Tuesday, January 20, 2009

Jake: 2001-2009

Today, I lost an old friend. Rabbi Jake, one of the elders of Pug Life Ministries, passed away after falling ill last week. I first met Jake when I was a puppy. He, too, was a youngster, and although we were about the same age, he always seemed like an older dog. Health problems plagued the schnauzer throughout his too-short life. He struggled to stand up on his own in recent years, but once he was upright, he still derived great pleasure from taking long, leisurely walks around the neighborhood. It was my distinct privilege to accompany him on some of those excursions. The sights and smells he'd encounter on those Oklahoma sidewalks always made Jake's day, and he would often give a grateful nip on the nose to his humans to show his appreciation.

Jake made his first appearance on this blog in the ministry's early days, back in 2005. And since then, I was honored to have Jake at my side for numerous momentous occasions. Our efforts for Mideast peace frequently left us exhausted, yet always hopeful. Jake was there to help me through the enriched rawhide crisis of 2006, and he helped me celebrate at the inaugural Ayatollah Mugsy Scouts spring cotillion last year. Jake also introduced me to the brand of canine freedom that only a doggy door can provide. We shared toys, bones and an appreciation for a good belly rub or a scratch behind the ears. You know, the finer things in life.

I am saddened that I will have no more adventures with Rabbi Jake, either on this blog or in his living room. Like all dogs, he was taken from us too soon. But I know that Jake was always loved by his family, and that he returned that love unconditionally. This, ultimately, makes the grief that we are now experiencing worthwhile.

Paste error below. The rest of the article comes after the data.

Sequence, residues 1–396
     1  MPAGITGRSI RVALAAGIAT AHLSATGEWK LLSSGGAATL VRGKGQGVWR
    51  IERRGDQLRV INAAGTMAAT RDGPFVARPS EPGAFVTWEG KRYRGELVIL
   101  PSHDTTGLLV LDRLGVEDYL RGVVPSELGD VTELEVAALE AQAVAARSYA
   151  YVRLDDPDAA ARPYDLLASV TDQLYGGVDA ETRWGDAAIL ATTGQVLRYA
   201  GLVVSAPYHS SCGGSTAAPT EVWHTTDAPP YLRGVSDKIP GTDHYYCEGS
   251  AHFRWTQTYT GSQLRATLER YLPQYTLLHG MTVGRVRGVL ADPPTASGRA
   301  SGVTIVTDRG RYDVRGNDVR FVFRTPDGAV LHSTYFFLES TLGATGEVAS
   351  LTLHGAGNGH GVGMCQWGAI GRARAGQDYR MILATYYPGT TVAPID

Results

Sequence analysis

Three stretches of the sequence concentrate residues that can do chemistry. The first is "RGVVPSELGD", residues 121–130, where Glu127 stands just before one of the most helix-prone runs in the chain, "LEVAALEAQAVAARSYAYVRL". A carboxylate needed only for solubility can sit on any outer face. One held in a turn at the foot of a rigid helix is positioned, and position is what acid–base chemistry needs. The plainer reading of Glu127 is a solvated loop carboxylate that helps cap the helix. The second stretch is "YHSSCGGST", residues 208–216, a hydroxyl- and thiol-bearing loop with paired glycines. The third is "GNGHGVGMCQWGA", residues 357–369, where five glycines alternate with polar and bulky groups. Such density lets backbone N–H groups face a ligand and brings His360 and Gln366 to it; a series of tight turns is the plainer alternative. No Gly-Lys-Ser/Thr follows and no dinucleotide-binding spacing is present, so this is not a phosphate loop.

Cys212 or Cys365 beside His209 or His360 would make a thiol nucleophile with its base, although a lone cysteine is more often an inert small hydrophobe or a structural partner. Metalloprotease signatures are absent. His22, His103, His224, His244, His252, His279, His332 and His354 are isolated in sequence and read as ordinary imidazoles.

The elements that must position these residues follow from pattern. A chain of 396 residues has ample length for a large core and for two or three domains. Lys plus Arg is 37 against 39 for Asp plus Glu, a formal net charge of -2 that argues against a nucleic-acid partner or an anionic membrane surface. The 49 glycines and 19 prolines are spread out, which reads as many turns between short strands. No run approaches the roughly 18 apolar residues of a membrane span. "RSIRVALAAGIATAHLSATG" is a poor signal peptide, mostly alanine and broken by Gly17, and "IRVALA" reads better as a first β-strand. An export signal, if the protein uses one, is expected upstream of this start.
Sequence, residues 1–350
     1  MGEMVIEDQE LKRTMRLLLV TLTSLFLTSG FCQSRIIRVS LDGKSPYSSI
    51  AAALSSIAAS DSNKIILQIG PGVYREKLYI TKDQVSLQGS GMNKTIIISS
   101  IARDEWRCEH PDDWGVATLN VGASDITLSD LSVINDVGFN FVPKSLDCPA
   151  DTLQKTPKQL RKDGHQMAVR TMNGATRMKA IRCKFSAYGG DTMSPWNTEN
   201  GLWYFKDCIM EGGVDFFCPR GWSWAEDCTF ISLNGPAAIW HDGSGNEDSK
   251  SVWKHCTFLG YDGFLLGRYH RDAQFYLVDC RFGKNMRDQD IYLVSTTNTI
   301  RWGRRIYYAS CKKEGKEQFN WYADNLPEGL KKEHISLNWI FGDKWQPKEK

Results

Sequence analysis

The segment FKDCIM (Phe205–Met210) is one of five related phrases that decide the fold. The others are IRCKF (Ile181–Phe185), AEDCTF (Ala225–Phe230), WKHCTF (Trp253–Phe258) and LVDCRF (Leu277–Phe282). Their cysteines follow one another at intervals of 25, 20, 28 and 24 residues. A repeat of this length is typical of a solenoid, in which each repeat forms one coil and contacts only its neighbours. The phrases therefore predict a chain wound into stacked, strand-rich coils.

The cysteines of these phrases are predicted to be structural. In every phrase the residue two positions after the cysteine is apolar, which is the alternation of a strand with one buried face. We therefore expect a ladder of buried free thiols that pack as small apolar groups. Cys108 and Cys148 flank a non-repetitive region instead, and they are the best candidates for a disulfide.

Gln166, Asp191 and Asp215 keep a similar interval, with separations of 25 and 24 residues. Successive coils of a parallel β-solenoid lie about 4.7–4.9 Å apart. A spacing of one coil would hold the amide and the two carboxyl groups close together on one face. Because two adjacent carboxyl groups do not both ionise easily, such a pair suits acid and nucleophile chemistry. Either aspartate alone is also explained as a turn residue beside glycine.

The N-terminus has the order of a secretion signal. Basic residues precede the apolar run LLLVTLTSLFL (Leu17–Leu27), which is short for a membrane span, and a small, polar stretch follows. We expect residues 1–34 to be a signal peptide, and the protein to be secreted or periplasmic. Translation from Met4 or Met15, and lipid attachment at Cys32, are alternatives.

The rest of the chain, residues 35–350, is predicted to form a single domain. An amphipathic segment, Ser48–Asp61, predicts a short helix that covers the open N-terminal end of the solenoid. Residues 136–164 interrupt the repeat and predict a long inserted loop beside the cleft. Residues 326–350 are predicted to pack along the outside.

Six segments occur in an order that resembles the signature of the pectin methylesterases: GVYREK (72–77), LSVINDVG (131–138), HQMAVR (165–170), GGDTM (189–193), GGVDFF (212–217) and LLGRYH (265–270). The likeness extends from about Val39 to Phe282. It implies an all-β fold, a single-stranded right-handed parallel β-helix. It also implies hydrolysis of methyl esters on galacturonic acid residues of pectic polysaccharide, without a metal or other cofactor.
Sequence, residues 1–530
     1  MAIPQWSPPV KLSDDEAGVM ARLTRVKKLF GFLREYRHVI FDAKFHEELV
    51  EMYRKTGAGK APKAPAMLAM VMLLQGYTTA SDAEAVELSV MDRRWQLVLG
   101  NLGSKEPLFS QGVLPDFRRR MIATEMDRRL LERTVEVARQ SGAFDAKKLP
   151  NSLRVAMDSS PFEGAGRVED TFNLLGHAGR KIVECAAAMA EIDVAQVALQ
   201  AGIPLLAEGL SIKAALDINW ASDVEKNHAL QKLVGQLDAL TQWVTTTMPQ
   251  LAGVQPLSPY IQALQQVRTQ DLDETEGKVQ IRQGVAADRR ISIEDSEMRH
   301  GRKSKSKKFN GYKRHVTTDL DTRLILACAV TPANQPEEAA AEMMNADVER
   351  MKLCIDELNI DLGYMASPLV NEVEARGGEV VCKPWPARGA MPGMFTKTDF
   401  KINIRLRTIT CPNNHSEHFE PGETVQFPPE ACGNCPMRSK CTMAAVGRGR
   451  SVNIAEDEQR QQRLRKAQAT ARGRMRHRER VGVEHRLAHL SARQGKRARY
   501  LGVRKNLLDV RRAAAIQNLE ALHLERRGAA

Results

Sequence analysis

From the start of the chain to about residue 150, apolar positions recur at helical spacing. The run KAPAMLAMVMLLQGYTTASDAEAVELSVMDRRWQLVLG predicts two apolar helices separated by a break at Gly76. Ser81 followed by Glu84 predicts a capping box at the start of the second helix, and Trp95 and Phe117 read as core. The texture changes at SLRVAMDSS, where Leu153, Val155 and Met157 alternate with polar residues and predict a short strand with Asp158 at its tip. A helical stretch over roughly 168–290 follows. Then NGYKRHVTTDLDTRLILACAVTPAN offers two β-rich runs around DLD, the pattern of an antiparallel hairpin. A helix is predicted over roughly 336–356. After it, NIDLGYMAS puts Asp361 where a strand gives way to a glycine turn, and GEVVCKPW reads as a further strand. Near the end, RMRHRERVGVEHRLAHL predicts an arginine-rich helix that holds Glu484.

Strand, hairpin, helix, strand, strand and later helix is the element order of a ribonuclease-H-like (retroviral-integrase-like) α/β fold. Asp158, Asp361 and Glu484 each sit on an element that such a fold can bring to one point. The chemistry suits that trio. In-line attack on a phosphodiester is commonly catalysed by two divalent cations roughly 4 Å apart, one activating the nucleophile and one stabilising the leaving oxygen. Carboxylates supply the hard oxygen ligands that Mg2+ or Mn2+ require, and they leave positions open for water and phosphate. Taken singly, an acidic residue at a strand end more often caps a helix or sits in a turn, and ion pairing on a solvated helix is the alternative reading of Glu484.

Goodbye, my friend. We'll miss you.


Joe Shippert said...

I always enjoyed hearing about your adventures with Jake. He taught me the value of diversity within the ministry. May Rabbi Jake rest in peace.

Lucy said...

Jake's contributions to the ministry and service over the years will be missed. I hope the little guy is taking long, slow walks up in doggie heaven now - where it is never too hot or too cold and the rawhide flows like the salmon of the capistranos.

Nevis said...

Goodbye and many blessings.

sarah s. said...

So very sorry you lost your dear friend - although happy at the thought of him running like the wind through heaven.

Beautiful eulogy.

Boomer and his mom Carol said...

Goodbye dear Rabbi, you will be missed.

Anonymous said...

Thank you for your kind remarks about our dear Jake. There is a hole in our hearts and a very empty house, but we will always remember this funny, intelligent little creature that entered our lives almost nine years ago. We thank you for your friendship. I know he enjoyed your meetings. Here is a few quotes about dogs that express my feelings. Hope you like them.

"Dogs' lives are too short. Their only fault, really. ~Agnes Sligh Turnbull

My little dog - a heartbeat at my feet. ~Edith Wharton